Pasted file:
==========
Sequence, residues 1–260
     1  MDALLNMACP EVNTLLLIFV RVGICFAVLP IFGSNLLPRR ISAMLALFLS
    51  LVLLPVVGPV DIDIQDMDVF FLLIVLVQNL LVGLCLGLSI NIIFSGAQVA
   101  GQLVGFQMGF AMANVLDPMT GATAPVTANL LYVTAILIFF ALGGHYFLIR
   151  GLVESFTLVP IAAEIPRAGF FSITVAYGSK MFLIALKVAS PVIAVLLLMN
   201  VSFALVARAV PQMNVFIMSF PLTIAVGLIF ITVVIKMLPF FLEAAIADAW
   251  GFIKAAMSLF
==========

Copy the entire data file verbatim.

Sequence, residues 1–260
     1  MDALLNMACP EVNTLLLIFV RVGICFAVLP IFGSNLLPRR ISAMLALFLS
    51  LVLLPVVGPV DIDIQDMDVF FLLIVLVQNL LVGLCLGLSI NIIFSGAQVA
   101  GQLVGFQMGF AMANVLDPMT GATAPVTANL LYVTAILIFF ALGGHYFLIR
   151  GLVESFTLVP IAAEIPRAGF FSITVAYGSK MFLIALKVAS PVIAVLLLMN
   201  VSFALVARAV PQMNVFIMSF PLTIAVGLIF ITVVIKMLPF FLEAAIADAW
   251  GFIKAAMSLF